American Education, Hard Work Helped Former Undocumented Student Chart His Future (York Alum)
Nearly eight years ago, I was a hard-working high school senior living in Elizabeth.
At the time, my dream was to go to college and eventually start a business. Only one thing kept me from pursuing an education that could launch me into a successful and fulfilling career: I was an undocumented immigrant, which meant that my options for moving forward were much more limited than my peers’ options.
I didn’t find out I was an “illegal alien” until I started filling out college applications. That’s when I learned that I had no social security number. When I was four years old, my family had moved to the U.S. from Peru. Once here, although I didn’t know this until my senior year, a lawyer stole my family’s savings, quashing our plans to apply for residency, and leaving us undocumented.
Thanks to America’s public school system, I had received a quality high school education. But as I watched my friends move on to great universities to pursue their dreams, my life stood still. Being undocumented felt like living in a cage. Worst of all, I felt like I was going to let down my mother, who was working 60 hours a week in a factory to support my brother and me.
I decided not to let my immigration status define me. I enrolled in Union County College — one of the New Jersey schools that was accepting undocumented immigrants at the time — and earned an associate’s degree in business with honors. During my last semester there, I took a science class that opened my eyes to a career in biotechnology. I wanted to continue my education at a four-year school, but most schools couldn’t accept me because of my status. The schools that could accept me were astronomically expensive, and unfortunately, I was ineligible for financial aid. As I ran out of choices, a friend of mine who was in a similar immigration situation told me about the City University of New York (CUNY) system, which accepts undocumented students.
With money I earned at a deli job, and with the financial support of my mother, I was finally able to study biotechnology at York College, a CUNY school in Queens. One of my professors, Dr. Anne F. Simon, took an interest in me and asked if I had thought about conducting research. Soon enough, I was studying how chemicals like dopamine affect social interactions in model organisms. Several mentors from the biology and physics departments were supportive and helped me excel throughout my time as an undergraduate. I conducted summer research at Princeton University, presented at research conferences, won an academic scholarship from the Alliance Scholars fund (which supports Hispanic scientists), and even received admission to doctoral programs in my field.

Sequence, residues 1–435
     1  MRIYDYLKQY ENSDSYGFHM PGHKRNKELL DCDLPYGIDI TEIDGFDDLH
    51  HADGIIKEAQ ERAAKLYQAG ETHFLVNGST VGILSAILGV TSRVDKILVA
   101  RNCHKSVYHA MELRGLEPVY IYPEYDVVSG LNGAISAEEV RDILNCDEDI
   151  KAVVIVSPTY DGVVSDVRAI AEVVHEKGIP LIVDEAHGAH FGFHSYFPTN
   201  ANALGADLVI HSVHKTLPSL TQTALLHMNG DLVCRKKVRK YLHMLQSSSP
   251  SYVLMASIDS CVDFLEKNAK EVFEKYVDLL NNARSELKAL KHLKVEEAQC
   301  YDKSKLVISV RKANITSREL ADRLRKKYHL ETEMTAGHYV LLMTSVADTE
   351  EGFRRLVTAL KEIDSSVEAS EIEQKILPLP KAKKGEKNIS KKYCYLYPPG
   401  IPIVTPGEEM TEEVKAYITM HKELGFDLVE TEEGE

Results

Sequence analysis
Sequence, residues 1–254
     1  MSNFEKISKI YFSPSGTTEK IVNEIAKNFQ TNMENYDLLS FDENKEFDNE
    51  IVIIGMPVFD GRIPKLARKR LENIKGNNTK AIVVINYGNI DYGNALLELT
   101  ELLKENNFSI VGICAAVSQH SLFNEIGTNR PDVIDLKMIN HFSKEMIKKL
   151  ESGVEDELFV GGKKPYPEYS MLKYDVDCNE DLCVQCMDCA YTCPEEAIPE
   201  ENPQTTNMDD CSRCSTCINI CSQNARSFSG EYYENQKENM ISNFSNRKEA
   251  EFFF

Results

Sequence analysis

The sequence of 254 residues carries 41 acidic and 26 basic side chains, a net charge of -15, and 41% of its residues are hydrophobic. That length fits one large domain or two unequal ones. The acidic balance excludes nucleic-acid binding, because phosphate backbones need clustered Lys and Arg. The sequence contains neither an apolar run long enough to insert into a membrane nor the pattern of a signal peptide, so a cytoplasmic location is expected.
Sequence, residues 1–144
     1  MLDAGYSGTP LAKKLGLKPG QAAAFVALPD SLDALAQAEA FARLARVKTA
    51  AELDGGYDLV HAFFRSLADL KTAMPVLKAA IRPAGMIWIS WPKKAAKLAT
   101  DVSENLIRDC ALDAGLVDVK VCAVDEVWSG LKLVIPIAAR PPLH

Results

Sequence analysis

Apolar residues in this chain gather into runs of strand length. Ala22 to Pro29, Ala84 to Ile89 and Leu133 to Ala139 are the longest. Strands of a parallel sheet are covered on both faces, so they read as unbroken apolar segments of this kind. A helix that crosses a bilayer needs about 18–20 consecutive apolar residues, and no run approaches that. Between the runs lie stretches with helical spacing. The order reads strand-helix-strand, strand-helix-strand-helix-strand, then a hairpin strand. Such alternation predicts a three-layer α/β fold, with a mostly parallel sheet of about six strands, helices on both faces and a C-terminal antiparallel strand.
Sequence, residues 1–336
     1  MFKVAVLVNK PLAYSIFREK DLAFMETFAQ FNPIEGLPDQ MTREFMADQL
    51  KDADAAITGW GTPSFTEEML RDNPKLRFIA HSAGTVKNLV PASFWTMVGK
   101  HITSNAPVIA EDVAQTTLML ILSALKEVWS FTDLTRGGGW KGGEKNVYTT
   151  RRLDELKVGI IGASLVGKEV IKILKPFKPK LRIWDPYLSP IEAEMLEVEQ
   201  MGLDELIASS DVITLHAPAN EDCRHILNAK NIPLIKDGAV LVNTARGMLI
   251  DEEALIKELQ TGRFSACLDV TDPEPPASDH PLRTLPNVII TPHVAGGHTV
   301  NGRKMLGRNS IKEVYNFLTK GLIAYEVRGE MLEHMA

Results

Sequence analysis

After college, I received both my permanent residency card and the support of The Paul and Daisy Soros Fellowship for New Americans, which together have enabled me to pursue a doctorate in molecular biophysics and biochemistry at Yale University. I will earn the skills necessary to become a better scientist and pursue my new dream of starting a biotech company to study neurodegenerative diseases like Alzheimer’s.
I was lucky. I was able to find schools that accepted undocumented immigrants, I had a supportive family, a quality high school education, and a network of supportive professors and mentors who helped me wriggle through the system against the odds. But not all immigrants will enjoy such an ideal situation.
With the opportunities I worked so hard to earn, I want to give back. I want Americans to know about immigrants like me whom President Obama is helping through his executive order on immigration. There is a long road ahead for those impacted by the new law, and for all undocumented people in this country. But Americans should know that this group of immigrants is not defined by a piece of paper. We are individuals who are grateful to be here and relieved to be able to help you make this country a stronger, better, healthier place for us all.